Princes turns to QR codes and blockchain for sustainability storytelling

Princes is printing QR codes on its Napolina brand tomato products which, when scanned, will provide consumers with information about supply chain sustainability.

Princes' partnership with Provenance will also see QR codes added to selected seafood products

Princes' partnership with Provenance will also see QR codes added to selected seafood products

The codes, which are being introduced to tinned tomatoes sold in the UK this month, will enable users to access a dedicated webpage walking them through the journey of the product through the supply chain, from farm to supermarket. Data collected through Princes’ audits, GPS mapping and blockchain traceability programmes will be used to support the storytelling and ensure that information is accurate and up-to-date.

Princes has partnered with blockchain-enabled transparency programme and certified B-Corp Provenance to roll out the codes and improve its supply chain data. Building on an existing blockchain project with Italian agricultural group Coldiretti, which is used to ensure that worker rights are maintained and that farmers using sustainable methods are paid a premium, the partnership with Provenance will scale the use of blockchain throughout the tomato supply chain.

Acting as a digital ledger, blockchain creates a verifiable and tamper-proof audit trail that can be used to trace products through the supply chain. Provenance uses this verified data to create a ‘Product Passport’ and to inform storytelling on the consumer-pacing end of its software.

Princes’ corporate relations director David McDiarmid said the move will help the company to “clearly and conveniently” tell the sustainability story of the 250 million units of tomato products it manufactures each year. Notably, 100% of the tomatoes it sources come from farms with independent ethical certification.

“While many of our customers are aware of our approach, we want to broaden the transparency of this work and our sourcing decisions, for the benefit of further retailers and the millions of families that enjoy Napolina,” McDiarmid said.

“We hope that by making this more of a consumer issue we can raise the profile and action by supply chain stakeholders, not just in tomatoes but many other Italian agricultural products that are touched by the same human rights issues.”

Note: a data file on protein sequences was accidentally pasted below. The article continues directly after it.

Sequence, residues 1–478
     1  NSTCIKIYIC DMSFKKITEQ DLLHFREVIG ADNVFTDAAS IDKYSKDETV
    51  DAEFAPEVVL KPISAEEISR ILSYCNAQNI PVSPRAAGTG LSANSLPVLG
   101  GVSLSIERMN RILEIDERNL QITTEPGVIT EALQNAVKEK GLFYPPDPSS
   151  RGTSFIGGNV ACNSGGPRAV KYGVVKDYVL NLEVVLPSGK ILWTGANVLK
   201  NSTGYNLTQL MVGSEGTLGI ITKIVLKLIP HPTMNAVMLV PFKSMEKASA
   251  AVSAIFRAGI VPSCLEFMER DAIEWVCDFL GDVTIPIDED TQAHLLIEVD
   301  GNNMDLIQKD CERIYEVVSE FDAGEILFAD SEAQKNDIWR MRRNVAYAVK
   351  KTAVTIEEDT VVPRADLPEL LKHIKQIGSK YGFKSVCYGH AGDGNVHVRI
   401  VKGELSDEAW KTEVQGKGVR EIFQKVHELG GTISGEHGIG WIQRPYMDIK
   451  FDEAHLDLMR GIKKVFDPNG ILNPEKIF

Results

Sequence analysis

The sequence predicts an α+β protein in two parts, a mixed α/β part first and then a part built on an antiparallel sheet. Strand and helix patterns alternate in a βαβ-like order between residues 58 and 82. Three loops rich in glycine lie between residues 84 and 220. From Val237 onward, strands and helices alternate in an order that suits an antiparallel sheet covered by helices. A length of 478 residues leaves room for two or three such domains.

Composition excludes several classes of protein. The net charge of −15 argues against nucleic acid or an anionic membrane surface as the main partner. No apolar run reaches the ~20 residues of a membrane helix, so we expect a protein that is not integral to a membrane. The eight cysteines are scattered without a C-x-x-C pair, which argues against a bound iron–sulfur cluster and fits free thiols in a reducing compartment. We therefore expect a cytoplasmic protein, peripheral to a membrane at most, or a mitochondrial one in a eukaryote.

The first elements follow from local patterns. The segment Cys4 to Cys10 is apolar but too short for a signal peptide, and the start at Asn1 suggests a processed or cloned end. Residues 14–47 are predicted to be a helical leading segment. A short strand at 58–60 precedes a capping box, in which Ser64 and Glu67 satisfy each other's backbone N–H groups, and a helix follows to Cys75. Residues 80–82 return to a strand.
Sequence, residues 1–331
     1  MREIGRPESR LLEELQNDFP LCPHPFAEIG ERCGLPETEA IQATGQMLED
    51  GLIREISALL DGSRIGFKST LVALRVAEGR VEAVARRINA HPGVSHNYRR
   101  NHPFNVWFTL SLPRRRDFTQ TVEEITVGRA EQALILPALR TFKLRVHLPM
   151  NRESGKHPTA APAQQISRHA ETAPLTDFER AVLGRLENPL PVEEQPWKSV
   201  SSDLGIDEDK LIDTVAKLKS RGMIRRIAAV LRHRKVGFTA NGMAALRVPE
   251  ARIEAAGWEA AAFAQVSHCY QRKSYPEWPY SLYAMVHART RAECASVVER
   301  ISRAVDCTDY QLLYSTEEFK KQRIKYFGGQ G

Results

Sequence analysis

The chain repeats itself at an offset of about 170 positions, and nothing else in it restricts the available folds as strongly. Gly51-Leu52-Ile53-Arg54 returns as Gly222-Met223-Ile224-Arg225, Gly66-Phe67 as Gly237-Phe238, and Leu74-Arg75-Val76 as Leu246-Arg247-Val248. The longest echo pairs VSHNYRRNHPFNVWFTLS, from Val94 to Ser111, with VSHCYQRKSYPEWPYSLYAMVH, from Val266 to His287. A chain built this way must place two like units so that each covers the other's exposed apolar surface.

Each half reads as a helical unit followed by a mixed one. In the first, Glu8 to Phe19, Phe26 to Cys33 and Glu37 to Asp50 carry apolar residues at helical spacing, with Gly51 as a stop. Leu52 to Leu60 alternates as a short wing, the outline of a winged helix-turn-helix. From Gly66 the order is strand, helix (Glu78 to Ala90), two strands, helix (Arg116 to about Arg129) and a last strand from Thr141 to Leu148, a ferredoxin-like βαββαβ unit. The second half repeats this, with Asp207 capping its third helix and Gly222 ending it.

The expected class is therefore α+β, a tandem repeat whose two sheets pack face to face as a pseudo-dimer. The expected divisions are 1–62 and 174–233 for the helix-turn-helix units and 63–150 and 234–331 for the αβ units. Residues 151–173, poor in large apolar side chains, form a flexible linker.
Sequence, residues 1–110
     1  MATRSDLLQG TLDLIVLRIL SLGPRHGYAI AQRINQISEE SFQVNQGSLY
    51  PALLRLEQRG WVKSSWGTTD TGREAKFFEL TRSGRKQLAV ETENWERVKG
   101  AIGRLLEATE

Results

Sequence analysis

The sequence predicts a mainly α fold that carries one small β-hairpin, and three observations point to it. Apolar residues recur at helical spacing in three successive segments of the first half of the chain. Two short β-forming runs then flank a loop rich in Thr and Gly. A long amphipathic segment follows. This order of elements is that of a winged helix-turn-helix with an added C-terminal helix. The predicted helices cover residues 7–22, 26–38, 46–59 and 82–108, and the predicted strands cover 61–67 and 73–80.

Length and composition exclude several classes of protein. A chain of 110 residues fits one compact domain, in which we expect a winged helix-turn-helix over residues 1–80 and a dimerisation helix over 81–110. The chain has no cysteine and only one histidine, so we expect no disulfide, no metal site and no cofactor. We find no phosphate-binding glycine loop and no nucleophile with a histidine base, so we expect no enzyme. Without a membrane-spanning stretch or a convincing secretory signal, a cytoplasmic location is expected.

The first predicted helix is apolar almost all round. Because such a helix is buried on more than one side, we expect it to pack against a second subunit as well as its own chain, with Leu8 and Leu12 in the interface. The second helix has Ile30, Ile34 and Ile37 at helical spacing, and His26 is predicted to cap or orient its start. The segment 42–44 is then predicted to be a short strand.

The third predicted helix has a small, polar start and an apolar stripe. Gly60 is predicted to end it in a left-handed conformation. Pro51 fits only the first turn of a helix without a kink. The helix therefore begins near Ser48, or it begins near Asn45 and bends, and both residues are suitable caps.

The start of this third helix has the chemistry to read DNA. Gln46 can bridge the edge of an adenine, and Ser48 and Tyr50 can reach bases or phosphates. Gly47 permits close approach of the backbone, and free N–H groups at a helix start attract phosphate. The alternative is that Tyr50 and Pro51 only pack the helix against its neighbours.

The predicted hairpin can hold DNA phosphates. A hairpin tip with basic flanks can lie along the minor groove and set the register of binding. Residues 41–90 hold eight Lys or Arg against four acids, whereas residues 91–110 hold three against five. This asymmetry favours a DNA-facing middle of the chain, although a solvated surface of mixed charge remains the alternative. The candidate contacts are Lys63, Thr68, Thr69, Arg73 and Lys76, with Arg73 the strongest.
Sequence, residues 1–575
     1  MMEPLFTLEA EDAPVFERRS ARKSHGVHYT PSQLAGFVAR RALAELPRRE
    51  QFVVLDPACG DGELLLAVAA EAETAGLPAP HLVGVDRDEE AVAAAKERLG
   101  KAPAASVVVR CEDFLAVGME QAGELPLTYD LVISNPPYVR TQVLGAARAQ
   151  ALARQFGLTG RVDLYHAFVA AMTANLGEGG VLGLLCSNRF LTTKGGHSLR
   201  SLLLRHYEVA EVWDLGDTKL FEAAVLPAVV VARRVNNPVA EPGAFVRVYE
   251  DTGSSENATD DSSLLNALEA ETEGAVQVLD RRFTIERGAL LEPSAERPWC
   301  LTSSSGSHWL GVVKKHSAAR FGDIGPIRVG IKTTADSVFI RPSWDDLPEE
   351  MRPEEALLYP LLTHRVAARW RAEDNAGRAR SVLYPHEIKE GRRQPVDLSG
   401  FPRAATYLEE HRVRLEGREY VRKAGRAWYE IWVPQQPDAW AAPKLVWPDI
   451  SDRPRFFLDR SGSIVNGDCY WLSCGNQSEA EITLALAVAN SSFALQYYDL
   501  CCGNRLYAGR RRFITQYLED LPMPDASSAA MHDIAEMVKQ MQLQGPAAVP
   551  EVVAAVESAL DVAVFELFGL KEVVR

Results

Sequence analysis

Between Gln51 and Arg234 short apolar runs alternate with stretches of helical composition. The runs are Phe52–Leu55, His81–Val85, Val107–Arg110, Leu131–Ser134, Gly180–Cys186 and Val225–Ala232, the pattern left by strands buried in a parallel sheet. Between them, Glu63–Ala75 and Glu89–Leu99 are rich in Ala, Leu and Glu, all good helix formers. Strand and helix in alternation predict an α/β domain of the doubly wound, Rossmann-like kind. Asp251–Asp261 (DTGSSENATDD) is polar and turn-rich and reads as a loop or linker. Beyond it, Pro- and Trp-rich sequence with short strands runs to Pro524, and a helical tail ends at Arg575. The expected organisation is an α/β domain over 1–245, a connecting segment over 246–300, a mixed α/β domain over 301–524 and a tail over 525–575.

In the coming weeks, QR codes will be added to Princes-brand tuna and other seafood products sold in the Netherlands, using the same Provenance software.

The future of food

The agri-food sector is a key driver of deforestation and a major contributor to global emissions. It is also acutely exposed to the physical impacts of climate change and is a hotspot for human rights abuses in the supply chain.

As such, many businesses are turning to innovative technologies in a drive to build a better food system.

Unilever and Sainsbury’s, for example, recently revealed that a joint blockchain-based experiment aimed at improving social and environmental practices in their tea supply chains has proven successful. Orchestrated by the University of Cambridge’s Institute for Sustainability Leadership (CISL), the scheme provided farmers with a financial incentive in return for feeding social and ecological data into the blockchain system. Blockchain for food supply chains is also being touted by the likes of  Ben & JerrysAccenture and Mastercard.

Satellite mapping is also growing in popularity. Marks & Spencer (M&S) uses satellite data to inform interactive, digital maps of its supply chains for seafood and beef; Unilever is using geolocation technology to ensure it meets its deforestation-free palm oil commitments and Mondelez International’s deforestation-free cocoa efforts involve satellite mapping regions in Ghana and the Ivory Coast.  

Elsewhere, AI is helping companies to optimise water and fertiliser use and to minimise waste on farms and beyond. It is being trialled at grain farms across Kenya by Capgemini.

Sarah George



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